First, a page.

At 11am on the 31st of January 2018, Jonny and I went to Genea for the egg collection. I got into my gown and sat waiting with Jonny, holding a photo of Kenzie. We met our anaesthetist for the day, who was absolutely lovely! She had actually just read our story in The Grace Tales. We had a lovely chat to her and then to Dr Gee, as always. Then it was egg collection time. I don’t remember much of this due to the anaesthetic but apparently, I spent the whole procedure talking about different foods I liked to eat. I wish I could say that was the first time that had happened….
Eleven eggs were collected. We were happy but cautious because that is the same number we got in the first round. We were also sent a link to the camera which was recording the development of our embryos. That meant that we would be able to see what they looked like on day one, three and five.
For anyone who hasn’t done IVF, the next few days are brutal. For me, taking the hormones is nothing, not a big deal at all but the waiting is the worst part, by far. They call you on day one, day three and day five to report on how many you have left and how many have dropped off.
On day one Genea called to Tell us that only six of our embryos were mature and only four had fertilised. That is about a 50% maturity rate when normally you would expect 90%...
Something wasn’t right, and I knew, I just knew, that this cycle would fail again. I can’t tell you how deeply I sank into a black hole. I fell into myself with depression. The next two days I went through the motions, of working, eating, sleeping but I felt lost inside. I was sure that IVF wasn’t going to work for us. We would have to get pregnant naturally then have the baby tested at three months and possibly terminate. Losing another baby. Life is so cruel. Why was this happening?
They call you again at day three to say how many are still going. We were told that only two were good and developing well while one was also ok but had fallen behind. I wasn’t overjoyed by this because we had three embryos make it to day three the last time.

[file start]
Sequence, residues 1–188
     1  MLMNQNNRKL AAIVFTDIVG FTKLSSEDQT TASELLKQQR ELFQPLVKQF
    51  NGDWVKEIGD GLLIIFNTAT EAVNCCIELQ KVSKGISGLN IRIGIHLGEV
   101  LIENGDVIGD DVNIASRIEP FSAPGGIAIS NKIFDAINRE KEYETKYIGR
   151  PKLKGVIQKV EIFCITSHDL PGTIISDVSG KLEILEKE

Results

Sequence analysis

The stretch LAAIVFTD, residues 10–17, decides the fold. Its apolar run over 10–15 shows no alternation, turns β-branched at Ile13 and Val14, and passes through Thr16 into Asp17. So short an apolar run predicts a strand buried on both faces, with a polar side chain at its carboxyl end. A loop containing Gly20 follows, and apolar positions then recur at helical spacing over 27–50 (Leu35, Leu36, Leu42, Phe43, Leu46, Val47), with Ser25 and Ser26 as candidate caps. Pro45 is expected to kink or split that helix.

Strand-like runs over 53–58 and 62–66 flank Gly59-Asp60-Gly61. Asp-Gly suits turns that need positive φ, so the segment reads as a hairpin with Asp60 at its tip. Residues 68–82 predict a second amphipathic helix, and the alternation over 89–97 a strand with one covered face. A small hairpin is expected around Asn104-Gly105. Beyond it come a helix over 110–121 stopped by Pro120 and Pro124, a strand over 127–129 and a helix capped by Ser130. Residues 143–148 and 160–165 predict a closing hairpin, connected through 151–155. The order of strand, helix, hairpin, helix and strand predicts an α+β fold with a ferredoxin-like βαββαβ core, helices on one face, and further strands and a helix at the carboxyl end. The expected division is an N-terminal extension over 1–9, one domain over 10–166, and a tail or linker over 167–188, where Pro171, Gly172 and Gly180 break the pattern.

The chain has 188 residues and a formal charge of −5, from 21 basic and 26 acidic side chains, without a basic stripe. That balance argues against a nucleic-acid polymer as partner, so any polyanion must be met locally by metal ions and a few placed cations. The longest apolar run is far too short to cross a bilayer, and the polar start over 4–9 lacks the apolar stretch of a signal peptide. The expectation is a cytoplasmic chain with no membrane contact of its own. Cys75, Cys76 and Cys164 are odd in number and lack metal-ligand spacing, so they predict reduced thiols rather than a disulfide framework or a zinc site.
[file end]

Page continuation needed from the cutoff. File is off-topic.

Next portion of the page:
At day five, they told us that two were good and one was in the race but still a bit behind. They needed to give the embryos another day though because they hadn’t hatched enough to take the edge cells for genetic testing.
Keep in mind that they can call you at any time of the day during this process. For about a week you are permanently on edge, petrified every time the phone rings that it will be bad news. It is a real mind game.
On day six, Genea called again to tell us that two had hatched (broken out of the egg membrane) allowing then to be tested and frozen. The third couldn’t be tested but we asked for it to be frozen, just in case.
Two made it to testing – we couldn’t believe it!!!!! So happy!
You get this rush, a thrill and a sense of relief. But then, you remember you still have to find out the results of the genetic test. For that, there is a two week wait for the results. We were testing for SMA but also testing for chromosomal abnormalities. This is because most miscarriages are due to a missing or defective chromosome issue. There is really no point transferring an embryo that has a chromosomal defect as it will likely miscarry anyway.
I cannot express the worry and stress this puts people through, but it is what it is.
I got the call two weeks and two days later, it was a Thursday and the day that our first 7.30 Report article came out, so we were already nervous. I had just read some unkind online comments about Kenzie from some online troll whom I assume is a crazy person, which had sent me into a spin. Honestly, who makes nasty cruel comments about a defenceless baby girl? I had left work that day due to feeling sick and stressed. I popped past the Post Office on the way home to pick up a package when Genea called. Standing in the Post Office. Why couldn’t I be home? Next to Jonny? My heart raced and my stomach dropped, I told the scientist I thought I was having a heart attack.
They said one is viable, one is affected.
The one that is viable is a carrier of SMA like Jonny and me but that is fine. The other was affected with SMA but also had a chromosomal abnormality which meant it probably wouldn’t have implanted or would have miscarried anyway.
After I got the call I walked to the car park in a daze and just stood there. I realised after two minutes I was standing in the middle of the road and had to get home to tell Jonny.
I was excited that we have one possible baby frozen sitting somewhere but also sad for the one little baby who we would never hold in our arms. Our life is just a constant seesaw of emotions. At that time we also realised that, given we wanted two more children, we would need to do a round three...